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Roshi Joan Halifax

Altruism. Empathy. Integrity. Respect. Those abstract words enjoy an exalted status in contemporary discourse, perhaps because the qualities they designate often seem in short supply.  Those who embody them earn our admiration, both for their courage and their moral example. In many spiritual traditions, Zen included, the manifestation of such qualities is both an aim and a fruit of dedicated practice.

Yet even the noblest human qualities have their shadow sides. Practiced unskillfully, they can harm both the practitioner and those whom he or she purports to serve. In her new book Standing at the Edge (Flatiron Books, 2018), Roshi Joan Halifax, founder and Abbot of the Upaya Zen Center, takes a hard look at five such qualities, examining their nature, their agency in the world, and their capacity to relieve human suffering. At the same time, she acknowledges the emotional damage that even such commendable qualities as empathy and compassion, practiced without sufficient knowledge or wisdom, can inflict on oneself or others. As a longtime caregiver for the dying, a volunteer in maximum-security prisons, and the director of clinics and service projects in Tibet and elsewhere, Halifax knows whereof she speaks. Grounded in her practical experience and her scholarly training in the social sciences, her book is at once a manual for caregivers and an illuminating collection of cautionary tales, detailing the hazards and the fulfillments attendant to a life of selfless service.

As her organizing metaphor, Halifax has invented the term “Edge States,” by which she means “five internal and interpersonal qualities that are keys to a compassionate life, and without which we cannot serve, nor can we survive.” The five Edge States are altruism, empathy, integrity, respect, and engagement. Standing at the “high edge” of any one of these qualities, Halifax writes, we can lose our footing and “slide into a mire of suffering.” With this extended metaphor as its core, Standing at the Edge consists of six sections, one for each of the Edge States and a sixth on the power of compassion. Within each of the first five sections, Halifax discusses the complexities of the Edge State, its pitfalls for the practitioner, and its relationship to the other Edge States. She then offers practices that can support the healthy development of that particular state, together with her insights into its nature. In the sixth section, she concludes her book with an incisive discussion of compassion, which she views as “the way out of the storm and mud of suffering, the way back to freedom on the high edge of strength and courage.”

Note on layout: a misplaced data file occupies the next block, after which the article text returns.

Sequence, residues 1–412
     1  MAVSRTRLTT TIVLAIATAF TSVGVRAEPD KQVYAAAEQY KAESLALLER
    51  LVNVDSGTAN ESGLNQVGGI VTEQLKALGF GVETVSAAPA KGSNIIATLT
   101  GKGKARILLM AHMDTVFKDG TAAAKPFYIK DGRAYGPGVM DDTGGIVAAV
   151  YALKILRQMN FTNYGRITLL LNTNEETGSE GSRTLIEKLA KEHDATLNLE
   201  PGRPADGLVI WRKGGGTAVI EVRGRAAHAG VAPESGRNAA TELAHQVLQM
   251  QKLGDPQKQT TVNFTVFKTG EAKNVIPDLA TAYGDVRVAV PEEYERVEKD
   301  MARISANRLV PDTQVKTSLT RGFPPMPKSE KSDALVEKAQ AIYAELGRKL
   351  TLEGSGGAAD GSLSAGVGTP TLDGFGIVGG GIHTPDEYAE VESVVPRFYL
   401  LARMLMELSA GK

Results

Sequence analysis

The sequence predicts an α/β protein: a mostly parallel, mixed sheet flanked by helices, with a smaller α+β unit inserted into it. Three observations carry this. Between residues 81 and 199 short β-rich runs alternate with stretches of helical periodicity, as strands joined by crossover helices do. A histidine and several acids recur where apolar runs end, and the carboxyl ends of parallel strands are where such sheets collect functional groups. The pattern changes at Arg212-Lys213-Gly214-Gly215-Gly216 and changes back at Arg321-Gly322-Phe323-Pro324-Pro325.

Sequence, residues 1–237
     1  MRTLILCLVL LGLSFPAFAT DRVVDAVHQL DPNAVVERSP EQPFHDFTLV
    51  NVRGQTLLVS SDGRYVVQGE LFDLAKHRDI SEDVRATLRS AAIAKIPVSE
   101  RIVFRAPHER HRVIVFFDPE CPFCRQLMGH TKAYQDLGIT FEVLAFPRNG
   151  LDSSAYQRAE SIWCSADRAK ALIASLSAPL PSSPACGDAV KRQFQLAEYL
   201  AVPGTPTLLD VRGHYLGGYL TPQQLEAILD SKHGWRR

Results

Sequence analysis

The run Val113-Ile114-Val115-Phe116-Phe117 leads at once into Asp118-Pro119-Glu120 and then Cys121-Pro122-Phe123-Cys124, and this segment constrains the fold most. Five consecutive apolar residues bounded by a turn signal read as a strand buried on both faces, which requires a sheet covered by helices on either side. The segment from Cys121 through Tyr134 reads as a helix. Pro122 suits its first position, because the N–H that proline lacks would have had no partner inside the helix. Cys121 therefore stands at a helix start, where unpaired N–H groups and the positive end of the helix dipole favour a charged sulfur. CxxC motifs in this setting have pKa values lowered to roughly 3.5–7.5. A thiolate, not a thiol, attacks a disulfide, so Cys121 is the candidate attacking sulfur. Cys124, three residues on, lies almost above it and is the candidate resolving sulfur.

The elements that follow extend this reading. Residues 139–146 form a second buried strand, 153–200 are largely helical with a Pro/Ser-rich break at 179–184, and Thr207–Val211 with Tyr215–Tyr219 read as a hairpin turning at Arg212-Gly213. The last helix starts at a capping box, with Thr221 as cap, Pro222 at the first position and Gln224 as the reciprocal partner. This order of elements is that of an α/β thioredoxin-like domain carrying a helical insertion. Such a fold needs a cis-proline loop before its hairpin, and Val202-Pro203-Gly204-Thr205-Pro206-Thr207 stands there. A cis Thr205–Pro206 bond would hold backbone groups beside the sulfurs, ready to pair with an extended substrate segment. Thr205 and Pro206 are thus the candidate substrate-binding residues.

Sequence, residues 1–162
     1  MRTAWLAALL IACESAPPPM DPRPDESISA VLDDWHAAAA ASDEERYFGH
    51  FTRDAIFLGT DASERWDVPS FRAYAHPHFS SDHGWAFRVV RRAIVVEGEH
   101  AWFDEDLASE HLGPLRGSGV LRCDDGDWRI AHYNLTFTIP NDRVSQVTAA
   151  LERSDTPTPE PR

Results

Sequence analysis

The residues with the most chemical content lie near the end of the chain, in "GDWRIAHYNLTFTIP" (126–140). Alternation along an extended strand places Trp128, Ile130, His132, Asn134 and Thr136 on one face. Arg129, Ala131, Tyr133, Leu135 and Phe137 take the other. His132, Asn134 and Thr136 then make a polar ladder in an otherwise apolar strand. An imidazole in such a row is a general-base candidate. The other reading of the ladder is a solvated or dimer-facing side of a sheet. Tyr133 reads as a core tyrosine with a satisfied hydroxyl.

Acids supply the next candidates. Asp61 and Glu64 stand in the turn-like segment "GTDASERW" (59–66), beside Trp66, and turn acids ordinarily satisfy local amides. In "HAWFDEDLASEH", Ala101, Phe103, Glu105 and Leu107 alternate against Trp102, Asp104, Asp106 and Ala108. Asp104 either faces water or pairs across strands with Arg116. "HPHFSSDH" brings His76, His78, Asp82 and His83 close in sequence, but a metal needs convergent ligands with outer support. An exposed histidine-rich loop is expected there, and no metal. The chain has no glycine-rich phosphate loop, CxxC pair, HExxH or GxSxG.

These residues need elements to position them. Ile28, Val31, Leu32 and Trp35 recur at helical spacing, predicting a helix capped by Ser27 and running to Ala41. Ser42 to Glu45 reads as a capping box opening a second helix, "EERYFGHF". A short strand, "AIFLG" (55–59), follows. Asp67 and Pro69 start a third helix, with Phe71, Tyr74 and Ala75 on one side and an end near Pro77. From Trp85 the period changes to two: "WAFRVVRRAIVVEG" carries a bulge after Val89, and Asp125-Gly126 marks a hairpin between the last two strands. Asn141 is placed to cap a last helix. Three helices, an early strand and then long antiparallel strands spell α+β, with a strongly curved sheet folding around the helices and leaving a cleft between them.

The perils intrinsic to Edge States are many and varied. With respect to altruism, the chief danger is “pathological altruism,” or “help that harms.” With empathy, the risks include “empathic distress” and “vicarious trauma,” which occur when the empathic doctor, counselor, teacher, aid worker, or chaplain “[merges] with the sufferer through over-identification.” With regard to integrity, the destructive sides include “moral distress” and its cousin “moral remainder,” which Halifax defines as “the painful emotional residue that lingers following actions that violate one’s sense of integrity.” Regarding respect, the main hazard is disrespect, which arises when “we too easily objectify the other as persecutor or victim, objectify ourselves as a victim, or let others objectify us as a victim, persecutor, or rescuer.” And with “engagement,” or wholehearted commitment to the relief of suffering, the most common negative outcomes are over-exertion and exhaustion.  All too often, an excess of well-intentioned effort leads to burnout.

Artfully and effectively, Halifax balances her discussion of dangers with a systematic presentation of salutary practices, most of them drawn from the Zen tradition. Among them are the practice of “not-knowing,” wherein the practitioner endeavors to let go of fixed ideas; “deep listening,” in which the listener sets aside biases and attends to the other person’s experience; the practice of “living by vow,” including the fundamental vow of non-harming; the practice of mindful speech, as taught by Thich Nhat Hanh; and the practice of Right Livelihood, in which the practitioner finds a way to earn a living without causing personal or social harm. Beyond these specific Buddhist practices, Halifax offers an inspiriting discussion of “universal compassion” and its protective power.  The skillful practice of compassion, she maintains, can keep us grounded “on the high edge of our humanity.”  And should we fall, it can “harrow us from the hells of suffering and bring us home.”

To those familiar with Zen teachings, the markedly schematic structure of Halifax’s book and its heavy reliance on abstract concepts may seem at odds with the Zen tradition, which emphasizes the fluidity of experience and warns against the reification of abstract ideas. But Standing at the Edge is not aimed exclusively at Zen practitioners. Rather, it is addressed, in its author’s words, to “those who encounter others’ difficulties and suffering on a daily basis.” To that general audience, which includes almost everyone, Halifax speaks with eloquence, warmth, and hard-won wisdom.

 

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